Here is a code sample that converts readily between three hex-grid coordinate systems:

static readonly IntMatrix2D MatrixUserToCanon = new IntMatrix2D(2,1, 0,2, 0,0, 2);
IntVector2D VectorCanon {
  get { return !isCanonNull ? vectorCanon : VectorUser * MatrixUserToCanon / 2; }
  set { vectorCanon = value;  isUserNull = isCustomNull = true; }
} IntVector2D vectorCanon;
bool isCanonNull;

static readonly IntMatrix2D MatrixCanonToUser  = new IntMatrix2D(2,-1, 0,2, 0,1, 2);    
IntVector2D VectorUser {
  get { return !isUserNull  ? vectorUser 
             : !isCanonNull ? VectorCanon  * MatrixCanonToUser / 2
                            : VectorCustom * MatrixCustomToUser / 2; }
  set { vectorUser  = value;  isCustomNull = isCanonNull = true; }
} IntVector2D vectorUser;
bool isUserNull;

static IntMatrix2D MatrixCustomToUser = new IntMatrix2D(2,0, 0,-2, 0,(2*Height)-1, 2);
static IntMatrix2D MatrixUserToCustom = new IntMatrix2D(2,0, 0,-2, 0,(2*Height)-1, 2);
IntVector2D VectorCustom {
  get { return !isCustomNull ? vectorCustom : VectorUser * MatrixUserToCustom / 2; }
  set { vectorCustom  = value;  isCanonNull = isUserNull = true; }
} IntVector2D vectorCustom;
bool isCustomNull;

IntMatrix2D and IntVector2D are homogeneous integer implementations of affine2D Graphics Vector and Matrix. The final divide by 2 on the vector applications is to re-normalize the vectors; this could be buried in the IntMatrix2D implementation, but then the reason for the 7th argument to the IntMatrix2D constructors is less obvious. Note the combined caching and lazy-evaluation of non-current formulations.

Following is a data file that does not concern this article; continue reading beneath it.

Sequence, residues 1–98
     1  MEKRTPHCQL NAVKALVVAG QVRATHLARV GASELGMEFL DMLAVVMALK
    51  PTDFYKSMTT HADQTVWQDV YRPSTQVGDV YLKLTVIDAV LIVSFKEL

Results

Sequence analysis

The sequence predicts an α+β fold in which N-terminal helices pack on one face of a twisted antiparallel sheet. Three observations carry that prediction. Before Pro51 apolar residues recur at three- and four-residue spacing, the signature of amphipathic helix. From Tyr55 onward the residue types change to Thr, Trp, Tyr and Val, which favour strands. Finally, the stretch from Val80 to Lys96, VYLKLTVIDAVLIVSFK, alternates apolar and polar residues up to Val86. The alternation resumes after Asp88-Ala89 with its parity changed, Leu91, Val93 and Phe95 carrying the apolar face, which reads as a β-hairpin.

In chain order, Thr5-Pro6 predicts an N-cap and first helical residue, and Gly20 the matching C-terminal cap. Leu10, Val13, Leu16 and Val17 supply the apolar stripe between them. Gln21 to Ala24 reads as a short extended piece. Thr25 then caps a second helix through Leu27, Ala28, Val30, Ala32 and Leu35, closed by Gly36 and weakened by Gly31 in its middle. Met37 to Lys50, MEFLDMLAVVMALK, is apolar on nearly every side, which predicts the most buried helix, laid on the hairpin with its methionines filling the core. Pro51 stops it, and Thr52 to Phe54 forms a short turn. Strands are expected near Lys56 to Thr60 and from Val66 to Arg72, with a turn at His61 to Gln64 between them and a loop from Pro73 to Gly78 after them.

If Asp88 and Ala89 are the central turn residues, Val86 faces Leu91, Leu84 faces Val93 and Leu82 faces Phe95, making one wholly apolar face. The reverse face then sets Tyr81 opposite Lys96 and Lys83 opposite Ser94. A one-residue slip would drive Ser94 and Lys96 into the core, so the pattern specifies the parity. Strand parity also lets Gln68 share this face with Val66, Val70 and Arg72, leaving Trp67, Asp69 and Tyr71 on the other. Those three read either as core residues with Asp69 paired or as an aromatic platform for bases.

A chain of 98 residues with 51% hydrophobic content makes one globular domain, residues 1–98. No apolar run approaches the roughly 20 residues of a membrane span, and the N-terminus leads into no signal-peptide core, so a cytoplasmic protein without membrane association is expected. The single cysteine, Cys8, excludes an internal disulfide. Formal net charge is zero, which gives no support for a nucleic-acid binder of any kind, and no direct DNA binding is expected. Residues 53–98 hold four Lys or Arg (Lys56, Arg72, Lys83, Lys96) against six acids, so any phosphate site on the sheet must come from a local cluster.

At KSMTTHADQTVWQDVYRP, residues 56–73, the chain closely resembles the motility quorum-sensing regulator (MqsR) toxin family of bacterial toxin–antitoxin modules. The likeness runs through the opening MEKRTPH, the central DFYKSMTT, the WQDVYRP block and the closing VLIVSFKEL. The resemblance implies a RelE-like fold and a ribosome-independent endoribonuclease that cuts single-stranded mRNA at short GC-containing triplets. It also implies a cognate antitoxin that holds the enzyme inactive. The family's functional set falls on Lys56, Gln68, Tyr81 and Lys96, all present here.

These matrices are for the case:

  • Hex grain vertical;
  • Origin in upper-left for Canonical & User coordinates, lower-left for Custom coordnates;
  • Y-axis vertically down;
  • Rectangular X-axis horizontally across; and
  • Canonical X-axis to the North-East (ie up and to the right, at 120 degrees CCW from Y-axis).

The code library mentioned above provides a similarly elegant mechanism for hex-picking (i.e. identifying the hex selected with a mouse click).

In canonical coordinates, the 6 cardinal direction-vectors are (1,0), (0,1), (1,1) and their inverses for all hexagons, without the asymmetry of jagged coordinates.

  • \$\begingroup\$ Wow! Net one down-vote for posting a library of working code, with examples and documentation, that answers the question/problem posed by the OP. \$\endgroup\$ Commented Feb 23, 2013 at 1:11
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    \$\begingroup\$ While I wasn't the downvoter (and etiquette generally suggests leaving a comment explaining a downvote), I suspect the downvote was because (a) the post comes off sounding of advertising, and (b) putting the bulk of an answer on the other side of a link is generally frowned upon because links have a tendency to rot and SE sites try to be self-contained. The information that's provided here is interesting, but it doesn't answer the user's question, and the only information that could answer the question is on the other side of the link. \$\endgroup\$ Commented Feb 23, 2013 at 2:25
  • \$\begingroup\$ Good points; thank you. I have expanded the post with excerpts that address the question of how to efficiently maintain multiple hex grid coordinates. The posted code library is freeware \$\endgroup\$ Commented Feb 23, 2013 at 2:29
  • \$\begingroup\$ Oops! The divide-by-2 only works fo positive integers. (Thank you again, K&R.) It should be replaced by a call to the Normalize() method in IntVector2D: \$\endgroup\$ Commented Feb 26, 2013 at 21:14
  • \$\begingroup\$ public IntVector2D Normalize() { if (Z==1) return this; else { var x = (X >= 0) ? X : X - Z; var y = (Y >= 0) ? Y : Y - Z; return new IntVector2D(x/Z, y/Z); } } \$\endgroup\$ Commented Feb 26, 2013 at 21:16

This is a solved problem, with much literature to back it up. The best resource I know is on Red Blob Games: https://www.redblobgames.com/grids/hexagons/.

In brief, the most likely reason is that you started with the wrong coordinate system. Using a Cube coordinate system implementing the A* algorithm is quite simple. See live demo on the above link.

If you really want to use some other system, then convert to and from when needed.